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JetBlue fears Delta's JV could hinder ability to serve Europe

JetBlue Airways in recent weeks filed regulatory documents related to slots at several European airports – a move amid increasing speculation that the carrier's next major expansion could be to Europe.

The filings do not describe concrete plans by JetBlue to serve Europe, but call on US regulators to ensure a proposed joint venture led by Delta Air Lines will not hinder new carriers from serving constrained European airports.

"New aircraft developments make it possible for JetBlue to serve Western Europe from its northeastern United States focus cities," JetBlue told the Department of Transportation in a 17 December filing.

JetBlue executives have already said they are contemplating launching European flights and acquiring Airbus A321LRs, essentially the only Airbus narrowbody with range enough to operate USA-European passenger flights.

JetBlue expects to decide this year whether to pull the trigger on A321LRs, chief executive Robin Hayes stated in a late 2018 memo to employees. Hayes has said JetBlue's decision will rest largely on access at European airports.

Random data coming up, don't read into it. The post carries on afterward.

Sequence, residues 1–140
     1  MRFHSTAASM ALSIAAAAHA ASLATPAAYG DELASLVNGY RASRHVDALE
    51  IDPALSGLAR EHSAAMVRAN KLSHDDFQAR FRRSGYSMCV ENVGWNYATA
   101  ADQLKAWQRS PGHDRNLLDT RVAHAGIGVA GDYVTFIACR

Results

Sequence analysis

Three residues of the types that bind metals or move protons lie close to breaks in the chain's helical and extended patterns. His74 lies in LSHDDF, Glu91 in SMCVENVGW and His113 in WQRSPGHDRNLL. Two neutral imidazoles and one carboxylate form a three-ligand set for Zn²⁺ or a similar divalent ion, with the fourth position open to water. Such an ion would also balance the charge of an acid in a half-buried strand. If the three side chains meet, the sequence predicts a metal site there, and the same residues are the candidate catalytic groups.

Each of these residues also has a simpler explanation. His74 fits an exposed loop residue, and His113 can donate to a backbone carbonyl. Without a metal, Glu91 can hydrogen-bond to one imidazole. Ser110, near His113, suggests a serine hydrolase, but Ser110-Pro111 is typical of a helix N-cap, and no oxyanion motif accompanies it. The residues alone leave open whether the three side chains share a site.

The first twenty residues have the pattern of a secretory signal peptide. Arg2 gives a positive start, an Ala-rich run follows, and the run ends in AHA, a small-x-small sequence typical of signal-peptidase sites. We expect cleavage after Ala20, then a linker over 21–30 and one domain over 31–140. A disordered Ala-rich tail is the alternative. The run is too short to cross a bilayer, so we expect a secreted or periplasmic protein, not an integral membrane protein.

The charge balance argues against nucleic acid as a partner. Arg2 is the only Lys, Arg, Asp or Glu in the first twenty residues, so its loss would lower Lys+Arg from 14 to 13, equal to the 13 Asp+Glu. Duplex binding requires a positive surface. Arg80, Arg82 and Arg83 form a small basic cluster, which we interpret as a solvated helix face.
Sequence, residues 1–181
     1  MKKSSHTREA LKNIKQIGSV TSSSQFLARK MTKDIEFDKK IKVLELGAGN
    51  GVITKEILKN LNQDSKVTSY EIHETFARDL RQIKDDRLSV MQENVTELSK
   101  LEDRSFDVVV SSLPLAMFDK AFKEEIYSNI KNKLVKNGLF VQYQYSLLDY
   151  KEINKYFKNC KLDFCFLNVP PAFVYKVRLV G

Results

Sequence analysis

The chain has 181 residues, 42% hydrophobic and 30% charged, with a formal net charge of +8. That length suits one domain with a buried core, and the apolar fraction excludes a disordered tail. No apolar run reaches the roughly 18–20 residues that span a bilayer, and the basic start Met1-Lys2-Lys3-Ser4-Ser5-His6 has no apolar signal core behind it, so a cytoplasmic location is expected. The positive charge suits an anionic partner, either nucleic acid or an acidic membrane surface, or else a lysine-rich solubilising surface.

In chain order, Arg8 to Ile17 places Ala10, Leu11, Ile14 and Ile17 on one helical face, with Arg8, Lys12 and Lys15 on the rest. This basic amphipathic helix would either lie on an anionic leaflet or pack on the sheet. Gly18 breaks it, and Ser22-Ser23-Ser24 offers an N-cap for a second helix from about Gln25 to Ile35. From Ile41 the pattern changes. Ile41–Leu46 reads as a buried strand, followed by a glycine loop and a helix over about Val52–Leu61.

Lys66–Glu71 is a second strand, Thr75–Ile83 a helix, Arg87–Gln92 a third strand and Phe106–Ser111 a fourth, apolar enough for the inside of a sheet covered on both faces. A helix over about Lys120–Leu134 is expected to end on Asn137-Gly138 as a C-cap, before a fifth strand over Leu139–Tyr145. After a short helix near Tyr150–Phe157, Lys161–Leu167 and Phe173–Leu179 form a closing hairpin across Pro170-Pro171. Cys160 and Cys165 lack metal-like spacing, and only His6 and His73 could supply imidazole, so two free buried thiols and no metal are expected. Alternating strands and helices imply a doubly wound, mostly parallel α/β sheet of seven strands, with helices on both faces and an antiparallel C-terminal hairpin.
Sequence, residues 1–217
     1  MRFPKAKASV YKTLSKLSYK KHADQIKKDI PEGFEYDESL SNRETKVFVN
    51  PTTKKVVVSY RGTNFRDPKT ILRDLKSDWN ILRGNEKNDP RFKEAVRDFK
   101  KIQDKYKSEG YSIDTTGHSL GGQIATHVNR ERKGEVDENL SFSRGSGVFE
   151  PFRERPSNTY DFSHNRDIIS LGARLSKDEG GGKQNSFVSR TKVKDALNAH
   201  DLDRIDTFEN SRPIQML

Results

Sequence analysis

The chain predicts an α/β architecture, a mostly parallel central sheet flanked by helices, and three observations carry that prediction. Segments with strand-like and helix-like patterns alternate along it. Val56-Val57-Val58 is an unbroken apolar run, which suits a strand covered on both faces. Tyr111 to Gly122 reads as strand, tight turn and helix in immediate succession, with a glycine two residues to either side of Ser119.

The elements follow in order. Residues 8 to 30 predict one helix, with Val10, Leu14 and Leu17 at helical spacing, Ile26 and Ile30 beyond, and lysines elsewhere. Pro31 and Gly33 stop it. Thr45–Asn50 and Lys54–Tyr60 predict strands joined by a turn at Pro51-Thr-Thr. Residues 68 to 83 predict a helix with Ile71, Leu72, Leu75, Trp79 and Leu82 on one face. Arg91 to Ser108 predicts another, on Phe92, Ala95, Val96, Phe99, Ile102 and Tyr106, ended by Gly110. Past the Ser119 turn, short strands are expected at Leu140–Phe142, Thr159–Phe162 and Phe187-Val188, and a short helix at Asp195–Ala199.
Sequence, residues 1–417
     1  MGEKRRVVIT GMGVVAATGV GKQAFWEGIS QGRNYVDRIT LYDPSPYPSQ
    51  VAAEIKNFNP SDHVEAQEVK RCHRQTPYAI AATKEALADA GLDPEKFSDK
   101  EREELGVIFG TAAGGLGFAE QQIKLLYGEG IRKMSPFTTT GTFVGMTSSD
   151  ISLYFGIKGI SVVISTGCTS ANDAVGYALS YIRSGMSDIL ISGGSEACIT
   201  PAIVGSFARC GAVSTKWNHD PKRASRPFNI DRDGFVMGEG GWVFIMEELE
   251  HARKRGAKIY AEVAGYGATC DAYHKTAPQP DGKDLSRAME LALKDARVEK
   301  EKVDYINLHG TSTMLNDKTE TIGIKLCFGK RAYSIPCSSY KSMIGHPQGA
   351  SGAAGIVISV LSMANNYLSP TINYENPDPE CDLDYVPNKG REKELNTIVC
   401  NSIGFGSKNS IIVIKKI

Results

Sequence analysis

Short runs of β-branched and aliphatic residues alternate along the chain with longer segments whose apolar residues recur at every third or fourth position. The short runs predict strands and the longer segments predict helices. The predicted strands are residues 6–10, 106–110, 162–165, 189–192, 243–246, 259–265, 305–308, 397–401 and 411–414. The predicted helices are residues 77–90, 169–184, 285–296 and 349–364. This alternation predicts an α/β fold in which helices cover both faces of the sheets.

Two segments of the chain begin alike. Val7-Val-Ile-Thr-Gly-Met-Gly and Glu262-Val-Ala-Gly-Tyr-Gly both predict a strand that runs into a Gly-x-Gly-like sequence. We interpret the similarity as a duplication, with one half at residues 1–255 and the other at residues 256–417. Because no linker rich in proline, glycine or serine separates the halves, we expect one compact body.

That access is central to an ongoing regulatory tussle involving a plan by Delta, Air France, KLM and Virgin Atlantic to form a single joint venture with immunity from anti-trust laws.

Delta already operates within two immunised European joint ventures: one with Virgin Atlantic and another with Air France, KLM and Alitalia.

In July 2018, however, Delta and its partners asked US regulators to grant anti-trust law immunity to a single joint venture that would replace the two. The single joint venture, which JetBlue calls a "conglomerate mega joint venture", would exclude financially troubled Alitalia, regulatory filings say.

Delta and its partners say their plan will remove "seams" and benefit the travelling public.

JetBlue does not oppose the tie up, but urges regulators to study the potential competitive impact at constrained airports in London, Paris and Amsterdam.

Delta and its partners have attempted "to minimise" that impact, "especially for new entrant carriers", JetBlue's 17 December filing said. But JetBlue warns Delta's plan "would further concentrate an already-concentrated transatlantic marketplace".

"As JetBlue contemplates service to Europe, an expanded [anti-trust] grant to Delta in this case could have severe competitive implications and further restrict JetBlue’s ability to meaningfully serve the United Kingdom and European Union markets," JetBlue told regulators in late November.

Delta denies JetBlue's claims, noting in a 28 December filing that the new joint venture will not negatively impact competition because Delta and its partners already do not compete directly against each other.

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